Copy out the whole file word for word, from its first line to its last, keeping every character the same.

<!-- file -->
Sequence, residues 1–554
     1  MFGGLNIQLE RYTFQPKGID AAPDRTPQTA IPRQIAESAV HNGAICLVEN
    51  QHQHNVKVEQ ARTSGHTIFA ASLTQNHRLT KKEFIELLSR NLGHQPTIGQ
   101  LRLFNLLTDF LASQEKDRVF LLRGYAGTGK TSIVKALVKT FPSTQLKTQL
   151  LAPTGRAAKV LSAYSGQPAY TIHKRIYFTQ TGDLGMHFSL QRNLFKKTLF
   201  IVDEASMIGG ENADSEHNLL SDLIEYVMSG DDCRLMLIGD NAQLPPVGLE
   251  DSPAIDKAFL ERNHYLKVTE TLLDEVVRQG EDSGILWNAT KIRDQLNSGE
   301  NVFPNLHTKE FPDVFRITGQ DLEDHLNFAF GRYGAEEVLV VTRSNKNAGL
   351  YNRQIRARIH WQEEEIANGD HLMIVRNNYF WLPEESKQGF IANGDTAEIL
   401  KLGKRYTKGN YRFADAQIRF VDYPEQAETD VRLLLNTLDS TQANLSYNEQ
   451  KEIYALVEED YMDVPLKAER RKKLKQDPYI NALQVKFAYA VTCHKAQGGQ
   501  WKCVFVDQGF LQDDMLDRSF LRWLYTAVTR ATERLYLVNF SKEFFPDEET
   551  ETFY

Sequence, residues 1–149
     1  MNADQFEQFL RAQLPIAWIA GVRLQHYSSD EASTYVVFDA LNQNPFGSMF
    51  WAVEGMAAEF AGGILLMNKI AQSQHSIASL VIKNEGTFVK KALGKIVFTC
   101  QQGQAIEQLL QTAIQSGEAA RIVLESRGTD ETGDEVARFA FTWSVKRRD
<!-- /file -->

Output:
Sequence, residues 1–554
     1  MFGGLNIQLE RYTFQPKGID AAPDRTPQTA IPRQIAESAV HNGAICLVEN
    51  QHQHNVKVEQ ARTSGHTIFA ASLTQNHRLT KKEFIELLSR NLGHQPTIGQ
   101  LRLFNLLTDF LASQEKDRVF LLRGYAGTGK TSIVKALVKT FPSTQLKTQL
   151  LAPTGRAAKV LSAYSGQPAY TIHKRIYFTQ TGDLGMHFSL QRNLFKKTLF
   201  IVDEASMIGG ENADSEHNLL SDLIEYVMSG DDCRLMLIGD NAQLPPVGLE
   251  DSPAIDKAFL ERNHYLKVTE TLLDEVVRQG EDSGILWNAT KIRDQLNSGE
   301  NVFPNLHTKE FPDVFRITGQ DLEDHLNFAF GRYGAEEVLV VTRSNKNAGL
   351  YNRQIRARIH WQEEEIANGD HLMIVRNNYF WLPEESKQGF IANGDTAEIL
   401  KLGKRYTKGN YRFADAQIRF VDYPEQAETD VRLLLNTLDS TQANLSYNEQ
   451  KEIYALVEED YMDVPLKAER RKKLKQDPYI NALQVKFAYA VTCHKAQGGQ
   501  WKCVFVDQGF LQDDMLDRSF LRWLYTAVTR ATERLYLVNF SKEFFPDEET
   551  ETFY

Sequence, residues 1–149
     1  MNADQFEQFL RAQLPIAWIA GVRLQHYSSD EASTYVVFDA LNQNPFGSMF
    51  WAVEGMAAEF AGGILLMNKI AQSQHSIASL VIKNEGTFVK KALGKIVFTC
   101  QQGQAIEQLL QTAIQSGEAA RIVLESRGTD ETGDEVARFA FTWSVKRRD